Families play an important role when it comes to food and eating. Families not only provide food for children, but they lay the groundwork for a child’s future eating patterns. Parents and siblings can be positive role models when they eat a variety of foods.
Forcing children to eat foods or to clean their plates can lead to power struggles and sometimes eating disorders or weight issues. In fact, eating disorders, excessive dieting among teens and overweight/obesity are increasing.
Children, like adults, need to learn how to recognize when they’re hungry and when they’re full.
Try these tips to help guide children to healthy eating habits for a lifetime.
Encourage children to help select and prepare food. At the grocery store, consider having the child help choose foods, such as a different type or form of vegetable. In the kitchen, find age-appropriate tasks. For example, a young child could wash fruits and vegetables or help set the table.
Let children plant their own vegetable patch in the garden. A child who helps grow vegetables is more likely to eat them.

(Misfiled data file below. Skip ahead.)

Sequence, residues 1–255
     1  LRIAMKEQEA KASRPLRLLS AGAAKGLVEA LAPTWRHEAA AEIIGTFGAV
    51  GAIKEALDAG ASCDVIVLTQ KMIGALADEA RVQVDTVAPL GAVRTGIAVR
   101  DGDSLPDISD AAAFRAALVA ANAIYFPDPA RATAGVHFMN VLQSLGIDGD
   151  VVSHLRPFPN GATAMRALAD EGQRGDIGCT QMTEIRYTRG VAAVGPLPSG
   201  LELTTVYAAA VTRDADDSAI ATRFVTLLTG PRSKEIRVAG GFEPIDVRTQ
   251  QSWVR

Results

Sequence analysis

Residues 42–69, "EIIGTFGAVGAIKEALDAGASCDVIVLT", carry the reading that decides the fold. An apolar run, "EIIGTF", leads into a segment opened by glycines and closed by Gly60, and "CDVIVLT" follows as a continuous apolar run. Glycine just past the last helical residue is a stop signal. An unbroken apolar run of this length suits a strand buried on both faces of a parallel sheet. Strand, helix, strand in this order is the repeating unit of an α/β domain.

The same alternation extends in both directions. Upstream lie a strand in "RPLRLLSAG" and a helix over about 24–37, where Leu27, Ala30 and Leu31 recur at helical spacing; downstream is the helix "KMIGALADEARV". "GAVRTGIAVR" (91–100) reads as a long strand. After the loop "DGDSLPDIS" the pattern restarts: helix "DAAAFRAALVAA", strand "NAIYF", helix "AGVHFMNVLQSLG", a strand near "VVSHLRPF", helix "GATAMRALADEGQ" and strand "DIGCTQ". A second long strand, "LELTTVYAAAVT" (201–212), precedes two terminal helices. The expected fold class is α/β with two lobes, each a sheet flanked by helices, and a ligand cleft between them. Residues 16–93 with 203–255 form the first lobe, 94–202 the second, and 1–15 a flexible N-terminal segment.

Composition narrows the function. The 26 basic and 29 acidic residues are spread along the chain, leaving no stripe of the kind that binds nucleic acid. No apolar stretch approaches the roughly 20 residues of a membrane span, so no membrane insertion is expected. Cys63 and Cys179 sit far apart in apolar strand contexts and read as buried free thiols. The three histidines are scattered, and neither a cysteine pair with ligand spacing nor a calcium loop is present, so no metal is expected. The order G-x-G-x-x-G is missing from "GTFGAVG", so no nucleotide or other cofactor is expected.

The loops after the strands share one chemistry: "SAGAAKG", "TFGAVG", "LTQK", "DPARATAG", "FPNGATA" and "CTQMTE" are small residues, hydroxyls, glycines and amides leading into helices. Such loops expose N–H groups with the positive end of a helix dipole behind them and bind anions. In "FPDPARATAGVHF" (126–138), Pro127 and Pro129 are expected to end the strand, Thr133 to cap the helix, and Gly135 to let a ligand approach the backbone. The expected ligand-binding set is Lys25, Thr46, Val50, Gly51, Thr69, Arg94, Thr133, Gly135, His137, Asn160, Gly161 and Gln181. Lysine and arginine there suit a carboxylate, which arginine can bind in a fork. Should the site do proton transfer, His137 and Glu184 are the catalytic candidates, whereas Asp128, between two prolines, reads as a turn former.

Keep a routine. Serve meals and snacks at a consistent time.
Forget the clean plate club, even if you grew up with the tradition. Encourage children to slow down their eating at the dinner table and recognize when they’re full.
Turn off the TV and don’t answer the phone during meals. Keep mealtimes a pleasant time to catch up with each other.
Be patient when offering new foods. Many children are “neophobic” (afraid of new things) when it comes to trying novel foods. Research shows that it may take seven to 15 exposures to a food before a child will accept it.
Offer only one new food at a time, along with foods your child likes.
Be a good role model. Studies have shown that if a teacher talks enthusiastically about foods and eats them with children, the child is more likely to eat them. The same theory applies at home. If you pass the broccoli without taking a scoop, most times, your child will skip the veggies, too.
– Julie Garden-Robinson, PhD, L. R. D., is a North Dakota
State University Extension Service food and nutrition
specialist and associate professor in the department of health,
nutrition and exercise sciences.